The output lines 54a and 541; are connected to the irst flip-flop circuit F-1, one form of which is illustrated in FIG. 5. Each of the iiip-op circuits F-1 through F-IS is preferably identical and therefore only the circuit F-1 is illustrated in detail in FIG. l5.

Such flip-flop circuit shown in FIG. 5 is comparable to the Eccles-Jordan vacuum tube circuit in that both are bistable on-oif circuits delivering one output pulse alternately at each output terminal X and Y for each input pulse. In other words, each time the circuit F-1 receives a positive pulse from the input terminals 54a and 54]), an output pulse is delivered from the circuit F-1, but such output pulses alternately are delivered between the output terminals X and Z and between the outlet terminals Y and Z. The alternating output pulses are produced indefinitely until the unit is denergized.

Thus, the flip-op circuits are basic switching circuits switching the terminal X on and the terminal Y off and then switching the terminal X off and the terminal Y on, and repeating such alternation in accordance with the frequency of the oscillator K.

For fast rise and fall times in the output pulses, radio frequency transistors and 61, commercially identified as type 2N94A and having a six megacycle cut-olf are employed in the flip-flop circuit of FIG. 5. When the circuit of FIG. 5 is operating, either the transistor 6i) or the transistor 61 is conducting collector current While the other transistor is cut off. Thus, a pulse is delivered to the output terminals Y and Z only when the transistor 61 conducts. Similarly, a pulse is delivered to the output terminals X and Z only when the transistor 60 conducts. The conduction is switched from the transistor 60 to the transistor 61, and vice versa, by means of the positive trigger pulse applied to the trigger input terminals 54a, and 54h from the oscillator K and the pulse inverter L.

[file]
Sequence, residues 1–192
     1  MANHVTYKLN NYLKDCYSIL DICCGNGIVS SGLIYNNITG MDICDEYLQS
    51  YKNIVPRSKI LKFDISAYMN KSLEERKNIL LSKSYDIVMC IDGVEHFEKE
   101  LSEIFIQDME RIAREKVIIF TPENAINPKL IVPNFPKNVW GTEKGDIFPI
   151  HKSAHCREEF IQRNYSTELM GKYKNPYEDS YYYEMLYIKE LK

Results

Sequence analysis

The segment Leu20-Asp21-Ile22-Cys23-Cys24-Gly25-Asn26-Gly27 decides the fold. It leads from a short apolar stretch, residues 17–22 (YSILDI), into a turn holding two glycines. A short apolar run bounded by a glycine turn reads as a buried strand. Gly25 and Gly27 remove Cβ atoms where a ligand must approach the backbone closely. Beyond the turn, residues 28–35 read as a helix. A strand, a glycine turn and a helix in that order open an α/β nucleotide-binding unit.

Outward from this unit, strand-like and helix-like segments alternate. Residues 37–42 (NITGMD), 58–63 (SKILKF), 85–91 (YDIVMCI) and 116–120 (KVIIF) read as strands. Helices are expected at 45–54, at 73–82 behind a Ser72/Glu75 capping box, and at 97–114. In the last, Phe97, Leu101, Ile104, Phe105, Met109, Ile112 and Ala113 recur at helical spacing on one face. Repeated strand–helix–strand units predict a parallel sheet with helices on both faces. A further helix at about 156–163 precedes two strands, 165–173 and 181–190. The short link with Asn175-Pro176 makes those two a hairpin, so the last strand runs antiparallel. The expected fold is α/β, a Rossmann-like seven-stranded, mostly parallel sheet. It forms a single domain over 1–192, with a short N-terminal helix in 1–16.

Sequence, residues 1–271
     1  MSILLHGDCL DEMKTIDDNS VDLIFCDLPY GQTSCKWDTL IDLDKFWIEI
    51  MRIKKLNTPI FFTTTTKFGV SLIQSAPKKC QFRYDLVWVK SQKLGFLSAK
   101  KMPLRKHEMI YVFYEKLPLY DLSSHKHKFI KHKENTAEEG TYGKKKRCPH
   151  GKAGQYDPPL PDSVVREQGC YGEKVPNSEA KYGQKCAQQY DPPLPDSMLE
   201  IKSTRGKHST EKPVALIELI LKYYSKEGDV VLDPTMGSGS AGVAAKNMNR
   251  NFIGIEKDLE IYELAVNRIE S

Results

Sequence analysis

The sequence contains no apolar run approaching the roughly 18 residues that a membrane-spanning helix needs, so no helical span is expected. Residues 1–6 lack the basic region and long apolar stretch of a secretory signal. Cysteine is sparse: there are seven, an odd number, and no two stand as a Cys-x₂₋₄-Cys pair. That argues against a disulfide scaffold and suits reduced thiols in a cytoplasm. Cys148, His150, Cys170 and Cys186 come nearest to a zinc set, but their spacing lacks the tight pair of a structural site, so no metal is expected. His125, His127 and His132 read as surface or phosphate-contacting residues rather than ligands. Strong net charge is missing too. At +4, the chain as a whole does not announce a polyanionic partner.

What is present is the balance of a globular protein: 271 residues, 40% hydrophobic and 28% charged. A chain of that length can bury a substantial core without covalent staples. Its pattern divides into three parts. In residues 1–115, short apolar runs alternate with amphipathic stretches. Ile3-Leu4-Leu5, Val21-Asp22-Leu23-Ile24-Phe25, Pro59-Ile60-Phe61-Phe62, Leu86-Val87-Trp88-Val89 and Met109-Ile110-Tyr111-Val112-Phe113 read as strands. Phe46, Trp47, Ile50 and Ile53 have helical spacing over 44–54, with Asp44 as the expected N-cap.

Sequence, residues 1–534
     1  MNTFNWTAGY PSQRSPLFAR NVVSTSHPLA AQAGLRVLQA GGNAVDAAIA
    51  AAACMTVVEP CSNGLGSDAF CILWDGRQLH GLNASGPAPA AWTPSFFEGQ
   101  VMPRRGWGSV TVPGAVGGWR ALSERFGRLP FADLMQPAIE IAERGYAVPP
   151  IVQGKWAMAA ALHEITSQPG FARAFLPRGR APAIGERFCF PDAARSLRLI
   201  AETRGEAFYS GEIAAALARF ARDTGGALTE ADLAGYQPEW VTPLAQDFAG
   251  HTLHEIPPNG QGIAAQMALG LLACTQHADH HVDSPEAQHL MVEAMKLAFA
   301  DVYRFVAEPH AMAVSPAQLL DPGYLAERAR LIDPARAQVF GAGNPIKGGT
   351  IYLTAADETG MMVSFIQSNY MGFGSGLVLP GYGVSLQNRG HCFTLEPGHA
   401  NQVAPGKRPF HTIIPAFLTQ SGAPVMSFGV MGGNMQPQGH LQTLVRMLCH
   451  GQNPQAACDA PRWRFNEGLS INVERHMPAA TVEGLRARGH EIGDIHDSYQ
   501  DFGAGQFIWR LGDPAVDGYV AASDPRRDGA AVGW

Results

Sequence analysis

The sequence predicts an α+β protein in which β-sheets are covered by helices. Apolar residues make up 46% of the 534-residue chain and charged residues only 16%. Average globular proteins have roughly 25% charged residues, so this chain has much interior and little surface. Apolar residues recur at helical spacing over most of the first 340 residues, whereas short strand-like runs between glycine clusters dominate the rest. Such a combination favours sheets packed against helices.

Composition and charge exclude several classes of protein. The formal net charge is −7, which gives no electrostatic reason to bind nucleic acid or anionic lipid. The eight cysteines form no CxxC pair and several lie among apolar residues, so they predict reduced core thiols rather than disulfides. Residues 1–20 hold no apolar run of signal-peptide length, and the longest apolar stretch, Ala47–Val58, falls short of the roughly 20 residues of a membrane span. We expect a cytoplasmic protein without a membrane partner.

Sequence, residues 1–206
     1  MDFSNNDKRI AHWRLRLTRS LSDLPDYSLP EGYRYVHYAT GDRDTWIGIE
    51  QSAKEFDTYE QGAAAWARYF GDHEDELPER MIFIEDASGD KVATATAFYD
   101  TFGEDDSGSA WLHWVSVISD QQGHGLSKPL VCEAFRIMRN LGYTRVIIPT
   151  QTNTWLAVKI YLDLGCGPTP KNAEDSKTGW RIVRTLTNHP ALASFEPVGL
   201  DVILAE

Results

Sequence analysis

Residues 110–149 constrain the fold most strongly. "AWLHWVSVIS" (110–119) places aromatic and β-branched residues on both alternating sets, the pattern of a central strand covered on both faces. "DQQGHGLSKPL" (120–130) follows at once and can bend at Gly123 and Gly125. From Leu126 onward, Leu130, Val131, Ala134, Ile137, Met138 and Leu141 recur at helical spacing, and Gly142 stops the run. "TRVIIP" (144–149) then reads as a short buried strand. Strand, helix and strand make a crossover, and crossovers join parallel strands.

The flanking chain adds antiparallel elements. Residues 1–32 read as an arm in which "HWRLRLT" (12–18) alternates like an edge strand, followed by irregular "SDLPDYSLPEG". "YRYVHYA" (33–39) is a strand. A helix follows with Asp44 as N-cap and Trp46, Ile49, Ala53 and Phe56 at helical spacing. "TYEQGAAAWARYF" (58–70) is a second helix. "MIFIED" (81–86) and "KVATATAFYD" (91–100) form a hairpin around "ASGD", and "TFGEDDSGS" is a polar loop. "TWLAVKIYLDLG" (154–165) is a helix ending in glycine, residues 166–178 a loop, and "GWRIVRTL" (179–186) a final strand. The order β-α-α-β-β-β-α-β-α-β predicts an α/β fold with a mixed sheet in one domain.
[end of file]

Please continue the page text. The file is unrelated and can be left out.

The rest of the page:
The flip-flop circuit F-1 includes a battery or voltage source 62 preferably of twelve volts which has a switch therewith to be closed selectively. Also, resistances 63a, 63h, 63e, 63d, 63e, and 63fare included in the circuit -cuit of suchtransistors 611 and.61.

4current of one of the transistors 60, 61 vtu'll increase, although this action may be only momentary. If the increase occurs in the transistor 60, for example, the increased collector current will produce a rise in the voltage drop across the resistor 63C and this will lower the collector voltage on the transistor 60. This voltage change is coupled across tothe base of the transistor 61 :through the voltage divider 63e, 63j, which action lowers the base voltage of the transistor 6.1. As a result, the collector current of the transistor 61 decreases and this causesthe collector voltage of the transistor 61 to increase. Such increase in the voltage of the transistor 61 yis coupled through voltage divider 63a and 63h to the base of the transistor 60 and acts to increase the collec- -tor current at the transistor 60 still more. continues rapidly in the same direction until the tran- Such action sistor `60 is conducting heavily (low collector voltage). The action is completed in a rapid flip. This is one of the stable states of the circuit and is preserved until the following pulse from the oscillator K and the inverter L `isreceived. The positive pulse which is applied through .the capacitor 65a and the two steering diodes 64a and 64b reaches .the transistors 60 and 61 since the diodes .64a and 64b are so poled that they allow easy passage of the positive trigger pulses while preventing a short cir- The positive trigger voltage has little or no effect on the transistor 60 because .the collector current of this transistor already is high and ,will undergo only a negligible change in response to a collector voltage shift. However, the trigger pulse will lower the collector voltage of the transistor 61 momentarily. Such voltage change in the transistor 61 is coupled through the voltage divider 63a, 63b to the base of the transistor 60. The effect of such action is to lower the collector current on the transistor 60. vOnce such -lowering action is initiated, it becomes cumulative, continuing rapidly until the transistor 60 is cut off and the transistor 61 is conducting. This is the other stable state of the circuit F-1. This circuit derives its name from the fact that its conducting and non-conducting states are attained in rapid flips from conduction to cutoff, not by a smooth variation between zero and maximum current flow. This on-otf action is, of course, true switching. The function of the commutating, or speedup capacitors 65h and 65e is to transmit high frequency trigger pulses directly from one transistor to the opposite base to accelerate the initiation of switching at repetition rates up to two-hundred kilocycles. The output pulse wave form essentially is rectangular with a peak-to-peak amplitude of approximately ten volts. The rise time is approximately one microsecond and the fall time is approximately onehalf of a microsecond, with a pulse width of approximately two and one-half microseconds. The trigger pulses must be positive-going with a peak amplitude of ten volts maximum and rapid rise and fall times.